ASHLAND — The first official event of the downtown plaza opened Saturday night to a crowd enjoying Ashland Main Street’s initial “Music on Main” concert of the summer.
Ahead of the opening ceremony at 6 p.m., patrons began entering the plaza through an iron archway adorning its name — Foundation Plaza, after one of the plaza’s main funders, the Ashland County Community Foundation.
ACCF provided $75,000 towards establishing a targeted action plan for the county, with one of the primary goals of establishing a downtown gathering space.
The goal was interrupted by the pandemic, president and CEO of ACCF Jim Curight explained during the opening ceremony.
“We wanted 2020 to be a year to remember,” Cutright said. ”Well, 2020 was certainly a year to remember but not in the way we intended.”
The 2020 calendar year marked ACCF’s 25th anniversary. ACCF had a celebratory season of grant making planned, which was supposed to culminate in a grant for the plaza, said Courtney McNaull, communications director of ACCF.
While much of ACCF’s anniversary grant money went to COVID-19 pandemic nonprofit relief, ACCF set aside $100,000 — and received an additional $25,000 in donations — to provide a grant specifically for the plaza, McNaull said.
While the plaza is named after ACCF, Matt and Melissa Wurster kickstarted the project, Ashland mayor Matt Miller noted in his opening remarks.
The Wursters bought three adjacent buildings on Main Street, cleared a site and donated it to the city, Miller said.
The location was practical because it already had an adjoining parking lot, Miller said. But it was also practical in that it was centrally located and accessible to all, Cutright added.
“It was important that it would sit in the center of our county, where the seats of our government reside and where many of our nonprofit partners are headquartered as well as where 40% of our population live,” Cutright said.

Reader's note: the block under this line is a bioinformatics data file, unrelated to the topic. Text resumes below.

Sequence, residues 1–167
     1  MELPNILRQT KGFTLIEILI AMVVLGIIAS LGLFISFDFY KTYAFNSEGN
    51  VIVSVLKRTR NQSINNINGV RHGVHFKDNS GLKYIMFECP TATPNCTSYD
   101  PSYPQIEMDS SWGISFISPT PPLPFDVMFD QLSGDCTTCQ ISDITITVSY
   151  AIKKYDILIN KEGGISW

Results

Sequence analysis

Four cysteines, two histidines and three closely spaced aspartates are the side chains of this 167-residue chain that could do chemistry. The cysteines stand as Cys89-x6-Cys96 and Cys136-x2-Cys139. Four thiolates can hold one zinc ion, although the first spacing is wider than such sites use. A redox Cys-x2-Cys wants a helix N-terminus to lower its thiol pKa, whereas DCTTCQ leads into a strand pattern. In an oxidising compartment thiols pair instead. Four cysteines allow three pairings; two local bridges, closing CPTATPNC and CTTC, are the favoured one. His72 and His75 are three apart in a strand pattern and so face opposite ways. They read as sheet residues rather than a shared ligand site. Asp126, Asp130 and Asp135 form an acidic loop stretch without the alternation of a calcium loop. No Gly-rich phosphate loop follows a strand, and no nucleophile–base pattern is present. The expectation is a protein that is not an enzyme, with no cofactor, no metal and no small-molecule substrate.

Former senate president Larry Obhof also helped fund the project, Miller said. During Obhof’s time in office, he secured a grant of $200,000 from the state’s capital budget.
The city and its crews helped with other expenses, and Simonson Construction, which handled the plaza project, donated one of three bronze animal statues located on the plaza lawn — the lion statue. The other statues, which children climbed on throughout the night, include a tiger and bear.
Miller invited the Ashland City Council to cut a ribbon after the opening ceremony, marking the official opening of the plaza. The ribbon cutting was timed with the crowd releasing confetti poppers, which were handed out to patrons at the beginning of the event.
After a short break, the band of the night, DEPARTURE, a Journey tribute band, took the stage and filled the then-packed plaza with music.
Ashland’s “Music on Main” series is sponsored by Coldwell Banker Ward Real Estate, Inc. Kelly Cooke, an agent at Coldwell, helped run the bar during the event, which featured beer from Uniontown Brewing Company.
Cooke, who is also a board member of Ashland Main Street and chair of the “Music on Main” committee, said she felt like the sponsorship was a way to give back to the community.
“So many people from our community help us have a livelihood,” Cook said, adding that they are simply returning the favor.
Rob Ward, broker and owner of Coldwell, was a part of the Ashland Main Street board when it first started.
“I had helped things get started with flowers, facade renovations, getting new trees, furniture, that type of thing, so it’s fun to get to see us at this point, where now we have a plaza and bands,” Ward said.
Proceeds from the drinks sold during the event will go to Ashland Main Street, Ward said.
Ashland Main Street will host two other concerts this summer, Electric Circus on July 10 and Tom’s Kitchen Table on Aug. 14, both from 6 to 9 p.m.
The Life section is supported by Brethren Care Village in Ashland.